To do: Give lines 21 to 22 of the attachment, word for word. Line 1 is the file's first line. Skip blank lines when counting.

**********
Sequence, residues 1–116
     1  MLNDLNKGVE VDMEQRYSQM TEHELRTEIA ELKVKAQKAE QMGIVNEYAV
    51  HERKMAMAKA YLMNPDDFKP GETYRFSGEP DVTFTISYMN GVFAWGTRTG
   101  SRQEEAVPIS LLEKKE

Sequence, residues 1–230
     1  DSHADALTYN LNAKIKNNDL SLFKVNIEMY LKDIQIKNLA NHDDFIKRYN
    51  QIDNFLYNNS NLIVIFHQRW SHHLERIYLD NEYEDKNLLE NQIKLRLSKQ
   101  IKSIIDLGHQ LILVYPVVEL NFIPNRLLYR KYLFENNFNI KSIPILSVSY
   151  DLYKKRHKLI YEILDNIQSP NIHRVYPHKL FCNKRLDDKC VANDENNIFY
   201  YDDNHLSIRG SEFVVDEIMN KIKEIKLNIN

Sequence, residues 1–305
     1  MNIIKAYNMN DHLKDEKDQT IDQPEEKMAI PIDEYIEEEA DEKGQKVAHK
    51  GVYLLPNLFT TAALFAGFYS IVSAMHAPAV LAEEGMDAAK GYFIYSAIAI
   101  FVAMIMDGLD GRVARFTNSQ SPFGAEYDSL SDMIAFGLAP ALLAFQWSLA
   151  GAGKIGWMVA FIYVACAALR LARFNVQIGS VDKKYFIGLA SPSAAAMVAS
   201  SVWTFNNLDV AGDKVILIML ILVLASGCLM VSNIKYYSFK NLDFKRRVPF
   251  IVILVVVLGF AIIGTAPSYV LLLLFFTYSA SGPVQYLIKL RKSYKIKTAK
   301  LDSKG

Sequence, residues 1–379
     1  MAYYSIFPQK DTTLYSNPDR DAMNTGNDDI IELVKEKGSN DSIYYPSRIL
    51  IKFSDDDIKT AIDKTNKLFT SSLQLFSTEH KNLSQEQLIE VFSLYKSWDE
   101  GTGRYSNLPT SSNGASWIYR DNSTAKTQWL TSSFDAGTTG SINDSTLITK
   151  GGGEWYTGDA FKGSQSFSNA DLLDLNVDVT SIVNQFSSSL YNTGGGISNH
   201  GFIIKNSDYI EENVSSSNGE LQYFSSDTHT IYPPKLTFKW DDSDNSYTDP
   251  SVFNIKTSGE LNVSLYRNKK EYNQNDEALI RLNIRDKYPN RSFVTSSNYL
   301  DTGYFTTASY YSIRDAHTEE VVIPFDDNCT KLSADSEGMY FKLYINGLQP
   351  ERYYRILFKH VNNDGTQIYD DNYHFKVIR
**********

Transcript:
    51  IKFSDDDIKT AIDKTNKLFT SSLQLFSTEH KNLSQEQLIE VFSLYKSWDE
   101  GTGRYSNLPT SSNGASWIYR DNSTAKTQWL TSSFDAGTTG SINDSTLITK